By FOX News Radio's Jessica Rosenthal in Los Angeles
The first time I saw an Occupy tent camp, I was rushing into the courts in downtown L.A. to cover the trial of Michael Jackson's Doctor, Conrad Murray. There were a few tents, and some people smiling and waving signs.
The property between the tents was clean. But as the days passed and the number of people living outside City Hall increased, trash began to build and the smell emanating from the camp became more acrid. Walking by the porta-potties set up by the city triggered a gag reflex.
The number of signs was growing too. Wandering through the park one could see probably the most populous and concise sign of the movement. It simply read: "Make Banks Pay." A large banner hung on the north-west corner of city hall that read: "Corporations are not people." Another sign: "Why are there more homeless veterans than wealthy Americans?"
As I talked to the protesters I learned that concerns ranged, from poverty to homelessness, joblessness and foreclosures, corporate tax loopholes and the influence of corporations on politicians. Many people spoke articulately. One woman I met covering an Occupy march in San Francisco explained why she was protesting cuts to college education. She stated that her concerns about cuts to education and rising tuition costs dovetailed perfectly with Occupy concerns; that when the economy collapsed, banks and large financial institutions got so called "bail out" money. But cities and states struggled to fill their coffers as property taxes decreased as did other tax revenue because of unemployment. Suddenly, states and local governments had to make cuts, cuts to education being just one example. And lending institutions that got bail out money weren't exactly lending.
Of course many of the protesters were not articulate about their concerns. One man told me that he didn't know why he was there he just wanted to hang out. In San Francisco and Los Angeles people openly lit up bongs and joints in public. Others simply covered their faces with bandanas and ignored me.
I was mocked by some of the protesters for asking them about the smell of human waste, the homeless population in the camp, the drug arrests in some cities and the mentally ill who sat screaming at each other or the air. Many explained that they represent what America really looks like and how America really is. Others said the media or the police or both were exaggerating reports of crime or sanitation issues.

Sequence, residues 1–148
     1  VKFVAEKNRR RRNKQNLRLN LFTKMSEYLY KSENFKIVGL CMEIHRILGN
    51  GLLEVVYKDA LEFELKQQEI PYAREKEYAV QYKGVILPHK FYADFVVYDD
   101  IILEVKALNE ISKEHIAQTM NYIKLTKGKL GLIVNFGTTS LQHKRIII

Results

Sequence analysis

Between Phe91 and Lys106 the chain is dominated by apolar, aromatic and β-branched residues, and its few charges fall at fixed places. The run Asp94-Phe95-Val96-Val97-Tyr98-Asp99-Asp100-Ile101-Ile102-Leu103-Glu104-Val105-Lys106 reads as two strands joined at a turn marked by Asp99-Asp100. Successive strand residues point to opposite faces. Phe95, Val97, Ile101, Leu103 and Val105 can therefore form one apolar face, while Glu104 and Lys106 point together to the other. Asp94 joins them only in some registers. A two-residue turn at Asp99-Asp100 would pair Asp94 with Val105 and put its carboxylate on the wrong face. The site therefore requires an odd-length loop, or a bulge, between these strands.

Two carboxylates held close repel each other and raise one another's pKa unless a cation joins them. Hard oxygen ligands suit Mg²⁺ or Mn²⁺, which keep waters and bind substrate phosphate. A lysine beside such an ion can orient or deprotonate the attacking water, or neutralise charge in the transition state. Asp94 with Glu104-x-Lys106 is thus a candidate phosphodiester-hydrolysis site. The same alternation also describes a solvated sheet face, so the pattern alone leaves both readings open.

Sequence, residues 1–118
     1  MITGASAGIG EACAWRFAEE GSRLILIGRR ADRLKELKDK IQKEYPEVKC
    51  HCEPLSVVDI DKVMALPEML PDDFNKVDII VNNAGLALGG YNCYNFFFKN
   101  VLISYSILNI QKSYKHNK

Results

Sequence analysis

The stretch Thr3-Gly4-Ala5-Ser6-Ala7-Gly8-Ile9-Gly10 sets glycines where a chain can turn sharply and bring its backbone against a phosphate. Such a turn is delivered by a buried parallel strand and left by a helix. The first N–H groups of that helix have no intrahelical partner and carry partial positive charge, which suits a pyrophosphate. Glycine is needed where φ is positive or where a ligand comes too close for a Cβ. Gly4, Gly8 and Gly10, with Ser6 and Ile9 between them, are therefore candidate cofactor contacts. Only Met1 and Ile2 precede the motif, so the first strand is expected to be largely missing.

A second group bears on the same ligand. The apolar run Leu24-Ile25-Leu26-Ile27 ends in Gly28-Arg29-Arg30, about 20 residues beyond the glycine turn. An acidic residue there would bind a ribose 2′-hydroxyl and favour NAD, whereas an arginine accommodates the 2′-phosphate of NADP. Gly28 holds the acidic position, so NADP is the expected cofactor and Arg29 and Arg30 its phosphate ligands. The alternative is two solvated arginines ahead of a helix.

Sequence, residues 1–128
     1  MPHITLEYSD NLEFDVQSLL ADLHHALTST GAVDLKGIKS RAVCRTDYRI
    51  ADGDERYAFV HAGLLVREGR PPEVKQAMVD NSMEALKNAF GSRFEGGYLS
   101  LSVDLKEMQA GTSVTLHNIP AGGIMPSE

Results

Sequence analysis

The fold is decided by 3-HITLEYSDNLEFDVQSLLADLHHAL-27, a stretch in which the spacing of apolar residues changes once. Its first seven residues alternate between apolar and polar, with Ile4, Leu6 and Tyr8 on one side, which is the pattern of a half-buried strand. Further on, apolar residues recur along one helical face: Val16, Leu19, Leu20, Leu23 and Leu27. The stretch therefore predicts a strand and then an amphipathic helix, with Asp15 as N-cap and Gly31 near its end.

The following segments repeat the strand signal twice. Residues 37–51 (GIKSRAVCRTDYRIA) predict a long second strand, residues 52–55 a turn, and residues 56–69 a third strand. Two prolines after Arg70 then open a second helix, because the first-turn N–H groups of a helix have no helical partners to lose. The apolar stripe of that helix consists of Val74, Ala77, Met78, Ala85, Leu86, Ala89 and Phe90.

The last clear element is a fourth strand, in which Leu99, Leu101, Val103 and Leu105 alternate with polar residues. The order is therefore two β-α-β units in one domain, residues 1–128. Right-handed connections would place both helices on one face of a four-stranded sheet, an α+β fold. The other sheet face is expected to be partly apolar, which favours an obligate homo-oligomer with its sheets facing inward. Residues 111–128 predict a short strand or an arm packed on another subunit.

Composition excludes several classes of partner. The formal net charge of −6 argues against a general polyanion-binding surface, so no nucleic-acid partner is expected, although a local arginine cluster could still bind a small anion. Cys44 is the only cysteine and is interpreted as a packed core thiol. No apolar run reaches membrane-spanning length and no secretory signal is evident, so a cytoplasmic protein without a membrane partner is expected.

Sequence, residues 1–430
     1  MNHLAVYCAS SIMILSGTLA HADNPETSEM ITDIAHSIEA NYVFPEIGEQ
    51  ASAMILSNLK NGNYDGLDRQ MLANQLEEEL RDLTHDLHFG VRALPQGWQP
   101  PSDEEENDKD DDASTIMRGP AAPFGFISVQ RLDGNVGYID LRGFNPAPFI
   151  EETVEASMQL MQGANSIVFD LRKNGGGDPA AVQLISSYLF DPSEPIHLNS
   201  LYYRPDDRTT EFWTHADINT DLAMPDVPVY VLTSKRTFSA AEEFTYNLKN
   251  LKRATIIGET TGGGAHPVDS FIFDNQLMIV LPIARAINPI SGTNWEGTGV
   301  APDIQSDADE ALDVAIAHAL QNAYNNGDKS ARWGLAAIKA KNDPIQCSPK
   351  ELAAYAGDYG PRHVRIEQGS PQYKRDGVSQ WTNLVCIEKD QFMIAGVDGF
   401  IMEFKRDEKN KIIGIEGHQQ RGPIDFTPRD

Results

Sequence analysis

After nearly two months of occupying city hall, L.A.'s Mayor told them that as of midnight one night, they'd be breaking the law if they stayed in the park. Early that morning, police in riot gear confronted the protesters. As the protesters yelled "Cops. Are. The 99%.", the police backed off and one of the commanders was so relaxed about it all he told his officers "okay, let's go grab breakfast." 48 hours later, police raided the camp effectively ending the occupation of the area. Roughly 300 people were arrested for refusing to leave or resisting arrest. Those who talked to me said they might be evicted, but you could not evict an idea or a movement.
When I arrived during the raid some last holdouts were being handcuffed. The final arrests were of protesters sitting in trees at 3 in the morning. One of the tree protesters wore a gold crown and clutched a dog he told us was named Lucky. He said Lucky was their leader. Below the trees, all around, all you could see were tents torn up or on their sides. Trash was everywhere. It undoubtedly looked worse than it ever had. The first-aid tent was gone, the area set up for kids was probably the structure left most in-tact. Many signs had been trampled, covered with shoe prints. Plastic bottles filled with urine were scattered around.
You could really get a glimpse inside, into how these people were living. It is not the way many of us might choose, and in a way maybe that illustrated the Occupy movement's point better than they ever could.
Listen HERE to FOX News Radio's Jessica Rosenthal reporting from Occupy L.A.: